We used three human-associated populations (London, UK, collected and introduced to culture in 2008; Budapest, Hungary, 2010; Watamu, Kenya, 2010) and three bat-associated populations (Hanušovice, CZ, 2016; Hoštějn, CZ, 2016; Raškov, CZ, 2016). The human-associated population replicates were chosen with respect to the large distances of their places of origin. The choice of the bat-related populations was limited to those well habituated to the artificial feeding system, where only populations from Czech Republic were available. All populations were reared in an incubator at 27 °C (optimal temperature to maintain weekly interval for feeding, egg laying, molting etc., according to our experience, or e.g. 26,32,43), at 70% relative humidity with a daily cycle of 12L: 12D. The populations as well as the experimental females and their offspring were artificially fed on a blood source that was novel for both HL and BL. The novelty is assumed based on a lipidomic analysis of bat blood, human blood, human blood conserved in CPDA (citrate phosphate dextrose adenine, Faculty Hospital Bohunice, Brno), or sperm of bedbugs fed with either of the three blood types showed clearly distinct profiles [47] [Additional file 1: Figure S5]. The CPDA-conserved blood was fed using parafilm bags and artificial feeding system [48]. All populations had been habituated to the feeding system for at least two years prior to the experiment.

Design of the crossing experiments

Bed bugs entering the experiments were virgin. This was achieved by separating fed 5th instars individually into 96-well microplate wells, letting them molt into adults. Three-week-old females from each population were individually single-mated with a three-week-old male. The male came from any of the other five populations, that is, three between-lineage and two within-lineage crosses (N = 369; for sample sizes in individual lineage crosses, see Table 1). Within-population crosses were not executed to avoid confounding effects of inbreeding [39]. The crosses were conducted in four batches across 18 months, all with approximately equal numbers of population cross combinations. The Raškov population was not available for the first batch.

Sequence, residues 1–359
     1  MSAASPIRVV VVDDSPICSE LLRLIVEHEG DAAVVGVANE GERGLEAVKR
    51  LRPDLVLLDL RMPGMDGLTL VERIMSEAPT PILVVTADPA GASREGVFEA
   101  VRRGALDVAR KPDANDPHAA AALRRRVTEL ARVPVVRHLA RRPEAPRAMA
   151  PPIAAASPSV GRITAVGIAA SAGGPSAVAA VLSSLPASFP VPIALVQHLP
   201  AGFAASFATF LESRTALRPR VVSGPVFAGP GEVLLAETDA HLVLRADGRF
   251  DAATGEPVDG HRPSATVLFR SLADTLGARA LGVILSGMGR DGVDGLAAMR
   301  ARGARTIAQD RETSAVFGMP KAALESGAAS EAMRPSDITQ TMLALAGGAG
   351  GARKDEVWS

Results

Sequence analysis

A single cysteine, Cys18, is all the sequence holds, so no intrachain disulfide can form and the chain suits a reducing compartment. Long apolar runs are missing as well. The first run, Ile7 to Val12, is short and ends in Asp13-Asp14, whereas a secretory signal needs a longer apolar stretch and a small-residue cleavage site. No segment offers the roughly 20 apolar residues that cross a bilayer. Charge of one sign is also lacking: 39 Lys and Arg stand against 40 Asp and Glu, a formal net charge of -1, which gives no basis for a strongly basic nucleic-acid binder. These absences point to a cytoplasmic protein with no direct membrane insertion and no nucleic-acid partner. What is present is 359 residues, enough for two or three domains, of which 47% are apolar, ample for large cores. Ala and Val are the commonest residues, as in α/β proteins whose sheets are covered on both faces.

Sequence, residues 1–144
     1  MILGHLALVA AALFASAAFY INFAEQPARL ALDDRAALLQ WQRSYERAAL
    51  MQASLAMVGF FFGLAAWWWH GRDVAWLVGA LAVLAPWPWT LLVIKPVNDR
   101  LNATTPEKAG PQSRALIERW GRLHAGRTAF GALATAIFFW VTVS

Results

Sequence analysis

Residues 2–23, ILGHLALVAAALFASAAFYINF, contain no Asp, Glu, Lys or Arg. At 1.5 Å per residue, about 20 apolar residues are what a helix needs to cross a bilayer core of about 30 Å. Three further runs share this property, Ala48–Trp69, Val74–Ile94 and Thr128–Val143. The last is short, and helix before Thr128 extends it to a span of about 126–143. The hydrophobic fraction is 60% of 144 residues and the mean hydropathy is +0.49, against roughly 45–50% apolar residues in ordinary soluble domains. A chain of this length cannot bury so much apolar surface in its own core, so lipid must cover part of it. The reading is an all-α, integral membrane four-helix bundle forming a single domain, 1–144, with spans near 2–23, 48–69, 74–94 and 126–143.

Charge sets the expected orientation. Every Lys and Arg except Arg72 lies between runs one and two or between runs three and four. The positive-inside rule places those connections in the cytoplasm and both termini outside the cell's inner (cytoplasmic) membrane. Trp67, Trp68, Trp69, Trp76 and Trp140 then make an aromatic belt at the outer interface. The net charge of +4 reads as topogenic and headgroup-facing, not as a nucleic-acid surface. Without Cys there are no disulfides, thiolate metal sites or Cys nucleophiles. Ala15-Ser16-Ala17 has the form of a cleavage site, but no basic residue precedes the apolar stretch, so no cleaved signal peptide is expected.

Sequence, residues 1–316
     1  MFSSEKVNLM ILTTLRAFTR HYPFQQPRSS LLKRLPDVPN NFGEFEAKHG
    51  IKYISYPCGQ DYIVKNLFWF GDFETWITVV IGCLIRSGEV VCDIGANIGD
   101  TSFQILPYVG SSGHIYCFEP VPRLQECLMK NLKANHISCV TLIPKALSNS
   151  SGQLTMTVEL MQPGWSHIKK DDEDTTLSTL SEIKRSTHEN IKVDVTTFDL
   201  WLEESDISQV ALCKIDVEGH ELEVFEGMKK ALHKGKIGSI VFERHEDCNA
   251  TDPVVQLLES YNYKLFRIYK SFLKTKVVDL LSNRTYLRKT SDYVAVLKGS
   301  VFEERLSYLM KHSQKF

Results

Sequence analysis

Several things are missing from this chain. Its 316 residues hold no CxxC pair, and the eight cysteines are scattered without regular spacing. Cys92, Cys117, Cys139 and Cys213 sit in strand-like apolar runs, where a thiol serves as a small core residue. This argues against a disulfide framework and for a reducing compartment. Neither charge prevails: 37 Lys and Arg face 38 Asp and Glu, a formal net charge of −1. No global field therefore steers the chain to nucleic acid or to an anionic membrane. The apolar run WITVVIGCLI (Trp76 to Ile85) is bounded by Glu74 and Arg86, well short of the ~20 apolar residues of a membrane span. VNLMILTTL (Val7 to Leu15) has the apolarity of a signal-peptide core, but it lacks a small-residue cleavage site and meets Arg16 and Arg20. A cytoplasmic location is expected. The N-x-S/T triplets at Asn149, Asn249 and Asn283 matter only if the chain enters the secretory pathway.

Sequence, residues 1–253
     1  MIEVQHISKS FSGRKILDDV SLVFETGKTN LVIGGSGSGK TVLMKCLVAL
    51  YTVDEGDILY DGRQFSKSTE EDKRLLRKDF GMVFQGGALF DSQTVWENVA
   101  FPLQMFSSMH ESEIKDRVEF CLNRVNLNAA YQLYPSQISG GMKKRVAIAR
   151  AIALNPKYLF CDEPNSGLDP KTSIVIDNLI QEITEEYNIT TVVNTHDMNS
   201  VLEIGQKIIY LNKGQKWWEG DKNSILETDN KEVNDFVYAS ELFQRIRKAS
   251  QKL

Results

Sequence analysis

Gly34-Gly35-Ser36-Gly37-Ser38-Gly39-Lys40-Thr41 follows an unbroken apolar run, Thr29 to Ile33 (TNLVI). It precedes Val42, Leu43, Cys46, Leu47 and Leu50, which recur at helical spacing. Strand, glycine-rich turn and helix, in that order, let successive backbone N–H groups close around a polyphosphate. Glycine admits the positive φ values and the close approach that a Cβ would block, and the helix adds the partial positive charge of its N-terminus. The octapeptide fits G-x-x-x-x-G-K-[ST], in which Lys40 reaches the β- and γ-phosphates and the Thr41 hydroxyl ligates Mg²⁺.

Table 1 Crossing scheme and numbers of females in each population cross

The adult females were fed twice and mated immediately after the second blood meal. Males were fed twice with the second blood meal administered a week before mating. In this way, we ensured full sperm vesicles and males’ eagerness to mate [35]. To ensure that the amount of sperm injected was similar, mating was standardized by interrupting after 60 s after successful intromission [49].

After mating, the females were isolated in a vial equipped with filter paper for egg laying. Females were fed weekly. We recorded if the females fed successfully and counted the number of eggs every week. To measure female fertility, fertilized and unfertilized eggs were distinguished, and the onset of infertility was determined following Otti et al. [34]: fertile eggs are taut and whitish, with visible red eye spots of the developing embryo. Unfertilized eggs normally collapse soon after being laid and are greyish. The onset of infertility was established as the time point when an unfertilized egg was laid for the second time, to allow for one accidental fertilization failure. The total number of fertilized eggs was used to investigate the fecundity of the within- and between-lineage crosses.

If a female stopped laying eggs for two weeks in a row, we placed it in a well of a ventilated 96-well microplate. We recorded its survival in weeks and, since interspecific mating can be harmful in bedbug species [50, 51], female lifespan was used as an additional measure of the male effect on females. In total, we analyzed 369 females in 30 population combinations.

In order to analyze offspring fitness-related traits, the survival and body size, we collected 10–12 fed fifth instar nymphs from each female and transferred them to individual wells of 96-well microplates. This way we aimed to yield at least three sons and three daughters per female. After eclosion to adulthood, we recorded their survival without access to food. After the females and offspring perished, we measured their pronotum width as a representative scale of body size [21]. In total, we analyzed 2791 offspring of 305 females.

Statistical analyses

Statistical analyses were carried out using RStudio 1.4.1717 (R version 4.1.1, [52]), [51], with packages lme4 [53], lmerTest [54], and coxme [55]. First, we performed a Fisher exact test to investigate whether the number of females that did not lay any eggs differed between the lineage crosses (19 females did not lay any eggs: 5 females BL x BL (female x male lineage), 7 females BL x HL, 5 females HL x BL, 2 females HL x HL). Then we tested whether laying no eggs and the number of females dying during the egg-laying period differed between the lineage crosses (51 females perished during egg-laying: 7 females BL x BL, 8 females BL x HL, 23 females HL x BL, 13 females HL x HL). We analysed the first ten weeks of egg-laying because by then almost 95% of the females had stopped laying fertilized eggs (347 out of 369).